When I first came across the CSS property,
text-overflow: ellipsis, I thought it was amazing! Finally, there was a clean and easy way to prevent a user's content from "breaking the design." This mindset took root in the "pixel perfect" design requirements handed-down from the days of yore. And, it has somehow stood the test of time. But, after reading Accessibility For Everyone by Laura Kalbag, I am suddenly reconsidering the use of
text-overflow. Whereas it once felt elegant, it now feels like a "Design Smell" - an indication that something in the design is based on incorrect principles or priorities.
In my review of "Accessibility For Everyone", I stated that the book was, in many ways, a "manifesto on building empathy" with the User. When primed with this perspective, the CSS property,
text-overflow: ellipsis, feels misguided. It isn't there to facilitate empathy with the User - it's there to facilitate empathy with the Designer; it's there to ensure that nothing breaks the "aesthetic of the design," even at the cost of clarity.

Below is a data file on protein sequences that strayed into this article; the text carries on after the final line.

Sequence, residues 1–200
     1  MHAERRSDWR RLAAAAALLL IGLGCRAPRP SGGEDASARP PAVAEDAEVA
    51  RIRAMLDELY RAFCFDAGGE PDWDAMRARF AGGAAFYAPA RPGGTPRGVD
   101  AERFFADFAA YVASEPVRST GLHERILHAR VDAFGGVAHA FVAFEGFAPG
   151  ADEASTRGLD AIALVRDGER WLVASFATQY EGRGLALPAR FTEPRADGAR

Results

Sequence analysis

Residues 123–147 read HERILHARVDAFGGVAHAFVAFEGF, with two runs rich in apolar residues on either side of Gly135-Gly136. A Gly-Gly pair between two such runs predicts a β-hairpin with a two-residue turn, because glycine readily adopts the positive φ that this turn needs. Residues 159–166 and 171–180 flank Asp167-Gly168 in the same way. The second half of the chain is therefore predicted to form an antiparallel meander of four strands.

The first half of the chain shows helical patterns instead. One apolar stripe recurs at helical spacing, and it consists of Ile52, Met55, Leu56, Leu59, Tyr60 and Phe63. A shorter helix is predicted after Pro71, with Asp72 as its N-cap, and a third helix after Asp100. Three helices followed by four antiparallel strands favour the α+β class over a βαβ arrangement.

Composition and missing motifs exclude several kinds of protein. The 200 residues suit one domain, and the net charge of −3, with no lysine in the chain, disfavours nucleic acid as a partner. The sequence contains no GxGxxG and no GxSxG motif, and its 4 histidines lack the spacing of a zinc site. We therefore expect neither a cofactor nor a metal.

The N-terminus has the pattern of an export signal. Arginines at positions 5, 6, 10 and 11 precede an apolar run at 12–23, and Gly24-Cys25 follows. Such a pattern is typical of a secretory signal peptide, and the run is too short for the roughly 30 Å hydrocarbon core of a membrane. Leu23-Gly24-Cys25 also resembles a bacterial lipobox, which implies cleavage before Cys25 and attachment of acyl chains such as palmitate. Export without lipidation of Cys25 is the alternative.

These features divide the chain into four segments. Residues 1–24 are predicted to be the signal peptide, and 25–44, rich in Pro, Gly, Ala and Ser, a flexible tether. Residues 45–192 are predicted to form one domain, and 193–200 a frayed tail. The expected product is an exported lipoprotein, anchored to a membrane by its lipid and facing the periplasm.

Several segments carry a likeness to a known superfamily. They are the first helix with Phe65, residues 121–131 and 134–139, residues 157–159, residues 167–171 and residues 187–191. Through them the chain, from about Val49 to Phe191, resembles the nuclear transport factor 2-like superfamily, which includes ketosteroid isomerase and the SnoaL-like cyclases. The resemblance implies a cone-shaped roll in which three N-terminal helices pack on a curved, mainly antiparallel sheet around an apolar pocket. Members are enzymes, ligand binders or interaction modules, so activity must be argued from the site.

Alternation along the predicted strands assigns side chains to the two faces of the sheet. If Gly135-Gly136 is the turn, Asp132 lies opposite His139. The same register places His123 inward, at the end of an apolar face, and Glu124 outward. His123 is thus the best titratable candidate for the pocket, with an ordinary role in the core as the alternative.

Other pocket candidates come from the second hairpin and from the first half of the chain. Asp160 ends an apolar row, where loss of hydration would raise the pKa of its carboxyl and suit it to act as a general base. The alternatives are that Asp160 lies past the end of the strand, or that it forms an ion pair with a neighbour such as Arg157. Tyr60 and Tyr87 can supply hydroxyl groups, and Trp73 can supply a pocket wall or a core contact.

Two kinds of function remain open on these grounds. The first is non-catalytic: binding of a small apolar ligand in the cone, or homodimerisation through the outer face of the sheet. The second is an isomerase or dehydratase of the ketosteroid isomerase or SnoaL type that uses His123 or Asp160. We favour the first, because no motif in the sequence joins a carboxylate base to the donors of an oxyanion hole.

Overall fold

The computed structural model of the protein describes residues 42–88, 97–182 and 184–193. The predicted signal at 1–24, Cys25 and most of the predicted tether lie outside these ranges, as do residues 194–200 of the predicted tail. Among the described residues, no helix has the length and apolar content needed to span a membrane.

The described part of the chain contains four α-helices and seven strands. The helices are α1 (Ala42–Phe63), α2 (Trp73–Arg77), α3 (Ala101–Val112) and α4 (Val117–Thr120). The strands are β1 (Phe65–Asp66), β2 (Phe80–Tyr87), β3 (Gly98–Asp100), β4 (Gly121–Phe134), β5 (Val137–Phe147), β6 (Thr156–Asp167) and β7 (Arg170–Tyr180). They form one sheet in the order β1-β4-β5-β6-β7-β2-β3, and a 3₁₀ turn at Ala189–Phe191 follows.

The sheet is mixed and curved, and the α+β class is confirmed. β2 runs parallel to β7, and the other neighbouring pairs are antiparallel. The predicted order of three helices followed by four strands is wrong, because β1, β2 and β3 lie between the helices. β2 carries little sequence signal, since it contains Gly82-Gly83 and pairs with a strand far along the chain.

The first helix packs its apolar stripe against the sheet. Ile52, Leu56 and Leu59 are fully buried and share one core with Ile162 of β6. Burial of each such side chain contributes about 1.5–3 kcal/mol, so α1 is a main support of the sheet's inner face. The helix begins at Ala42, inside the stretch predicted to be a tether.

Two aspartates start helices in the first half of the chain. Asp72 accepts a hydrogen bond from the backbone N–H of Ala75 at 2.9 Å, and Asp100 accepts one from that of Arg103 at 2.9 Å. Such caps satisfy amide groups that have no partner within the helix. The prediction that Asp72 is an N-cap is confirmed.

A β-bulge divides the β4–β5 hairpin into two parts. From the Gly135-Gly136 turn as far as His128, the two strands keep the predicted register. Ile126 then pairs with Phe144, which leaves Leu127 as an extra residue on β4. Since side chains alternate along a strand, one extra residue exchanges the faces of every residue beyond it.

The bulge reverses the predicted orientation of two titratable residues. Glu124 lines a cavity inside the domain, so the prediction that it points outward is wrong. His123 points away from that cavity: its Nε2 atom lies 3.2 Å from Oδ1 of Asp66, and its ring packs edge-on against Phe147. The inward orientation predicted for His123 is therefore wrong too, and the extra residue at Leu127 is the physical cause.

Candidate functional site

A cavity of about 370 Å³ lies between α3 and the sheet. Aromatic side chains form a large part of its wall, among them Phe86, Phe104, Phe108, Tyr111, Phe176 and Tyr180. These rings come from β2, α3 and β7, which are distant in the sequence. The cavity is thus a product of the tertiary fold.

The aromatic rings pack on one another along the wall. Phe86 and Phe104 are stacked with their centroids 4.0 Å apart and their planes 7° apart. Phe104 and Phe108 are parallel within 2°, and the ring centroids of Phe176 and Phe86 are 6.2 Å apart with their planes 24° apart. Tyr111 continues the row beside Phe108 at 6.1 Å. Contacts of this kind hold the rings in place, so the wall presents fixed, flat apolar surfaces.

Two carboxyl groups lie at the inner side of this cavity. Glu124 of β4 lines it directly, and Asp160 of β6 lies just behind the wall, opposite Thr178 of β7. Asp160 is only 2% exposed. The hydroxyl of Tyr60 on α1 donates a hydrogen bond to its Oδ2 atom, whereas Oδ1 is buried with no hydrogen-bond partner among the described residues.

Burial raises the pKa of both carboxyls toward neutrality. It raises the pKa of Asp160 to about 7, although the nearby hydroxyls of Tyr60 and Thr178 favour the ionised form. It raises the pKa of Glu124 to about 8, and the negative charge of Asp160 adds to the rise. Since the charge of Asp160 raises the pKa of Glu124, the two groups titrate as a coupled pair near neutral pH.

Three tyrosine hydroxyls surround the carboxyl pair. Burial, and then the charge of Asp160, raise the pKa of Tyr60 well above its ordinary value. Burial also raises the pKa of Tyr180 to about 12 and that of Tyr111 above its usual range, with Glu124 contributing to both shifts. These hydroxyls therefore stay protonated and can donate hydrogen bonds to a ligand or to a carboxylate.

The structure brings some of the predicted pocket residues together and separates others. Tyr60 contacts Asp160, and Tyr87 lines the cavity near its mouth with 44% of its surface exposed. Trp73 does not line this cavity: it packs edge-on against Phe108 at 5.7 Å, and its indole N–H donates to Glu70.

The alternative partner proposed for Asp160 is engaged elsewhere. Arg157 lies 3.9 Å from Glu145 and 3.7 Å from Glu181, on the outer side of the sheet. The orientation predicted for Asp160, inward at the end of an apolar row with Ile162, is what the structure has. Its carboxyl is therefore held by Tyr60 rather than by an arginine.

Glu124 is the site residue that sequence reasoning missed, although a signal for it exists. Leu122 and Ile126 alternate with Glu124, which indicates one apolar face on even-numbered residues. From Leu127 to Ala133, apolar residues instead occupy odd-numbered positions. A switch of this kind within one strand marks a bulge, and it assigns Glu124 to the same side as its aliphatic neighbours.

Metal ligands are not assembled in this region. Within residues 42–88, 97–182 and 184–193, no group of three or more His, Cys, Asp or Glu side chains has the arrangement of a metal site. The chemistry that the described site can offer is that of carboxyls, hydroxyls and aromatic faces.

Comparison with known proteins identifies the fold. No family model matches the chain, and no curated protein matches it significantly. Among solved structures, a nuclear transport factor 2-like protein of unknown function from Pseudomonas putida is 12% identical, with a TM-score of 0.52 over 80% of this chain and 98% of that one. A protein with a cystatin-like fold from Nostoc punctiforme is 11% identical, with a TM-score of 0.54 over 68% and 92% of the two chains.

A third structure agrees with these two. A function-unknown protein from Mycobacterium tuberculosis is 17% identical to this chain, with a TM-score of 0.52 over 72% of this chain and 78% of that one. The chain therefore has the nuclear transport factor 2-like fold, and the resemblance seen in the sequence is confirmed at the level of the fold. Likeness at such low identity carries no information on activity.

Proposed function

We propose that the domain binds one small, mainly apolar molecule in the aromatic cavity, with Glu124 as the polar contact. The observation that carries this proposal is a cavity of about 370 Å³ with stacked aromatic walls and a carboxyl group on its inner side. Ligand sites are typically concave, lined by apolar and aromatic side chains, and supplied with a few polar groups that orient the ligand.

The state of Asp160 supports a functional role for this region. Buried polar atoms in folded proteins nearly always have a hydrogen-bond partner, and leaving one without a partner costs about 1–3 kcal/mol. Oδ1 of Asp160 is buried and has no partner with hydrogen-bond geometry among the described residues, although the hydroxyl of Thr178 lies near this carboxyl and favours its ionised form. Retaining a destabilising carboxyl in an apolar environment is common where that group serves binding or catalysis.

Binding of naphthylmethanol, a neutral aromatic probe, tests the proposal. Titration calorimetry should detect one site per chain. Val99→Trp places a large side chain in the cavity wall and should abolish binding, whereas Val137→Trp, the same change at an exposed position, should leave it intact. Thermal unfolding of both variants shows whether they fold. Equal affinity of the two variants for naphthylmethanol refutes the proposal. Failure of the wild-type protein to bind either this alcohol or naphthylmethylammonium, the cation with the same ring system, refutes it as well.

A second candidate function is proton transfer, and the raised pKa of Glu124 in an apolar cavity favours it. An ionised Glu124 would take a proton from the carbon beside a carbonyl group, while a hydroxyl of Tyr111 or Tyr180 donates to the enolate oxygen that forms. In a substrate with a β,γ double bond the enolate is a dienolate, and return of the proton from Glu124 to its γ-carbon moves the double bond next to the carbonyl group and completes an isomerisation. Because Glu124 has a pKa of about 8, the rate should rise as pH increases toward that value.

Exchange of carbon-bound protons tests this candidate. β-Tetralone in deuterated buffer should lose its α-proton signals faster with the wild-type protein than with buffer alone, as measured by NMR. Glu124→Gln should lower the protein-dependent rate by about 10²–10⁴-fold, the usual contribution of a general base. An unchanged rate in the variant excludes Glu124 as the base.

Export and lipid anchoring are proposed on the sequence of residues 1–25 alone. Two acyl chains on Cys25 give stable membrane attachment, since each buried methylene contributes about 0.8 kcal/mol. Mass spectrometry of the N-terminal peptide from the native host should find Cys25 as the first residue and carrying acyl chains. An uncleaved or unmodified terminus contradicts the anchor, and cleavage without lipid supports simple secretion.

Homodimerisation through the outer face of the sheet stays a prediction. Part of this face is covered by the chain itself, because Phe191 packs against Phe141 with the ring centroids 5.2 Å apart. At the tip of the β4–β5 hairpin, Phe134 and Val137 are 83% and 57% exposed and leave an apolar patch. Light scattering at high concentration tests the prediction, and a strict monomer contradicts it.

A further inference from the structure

Take, for example, the "name" of each screen in this thumbnail-based screen list:
Notice that, from a user's perspective, both of these screens read as,
Dashboard-New-Project-Own.... In this case, we are truncating the unique-name of the screen because the "design" can't afford to wrap the name onto two lines. We are using
text-overflow: ellipsis to prevent the user's open-ended content from breaking the close-ended constraints imposed by the design aesthetic.
Now, I am not saying that
text-overflow: ellipsis is always wrong. Nor do I have a great way to fix the example above. But, I am saying that when we explicitly place the design aesthetic above all else, we are implicitly demoting clarity and accessibility as a secondary concern. Sometimes this trade-off makes sense.
But, perhaps most of the time, it doesn't.
Going forward, when I create or implement an application interface, instead of thinking about how I can bend the user's content to fit the design, I am going to step-back and think about how I might be able to rethink the design in order to better accommodate the user's content. As Laura Kalbag said in her book, "We can be generous with our design". And, I believe that the less we use
text-overflow: ellipsis, the more generous and empathetic our thinking will become.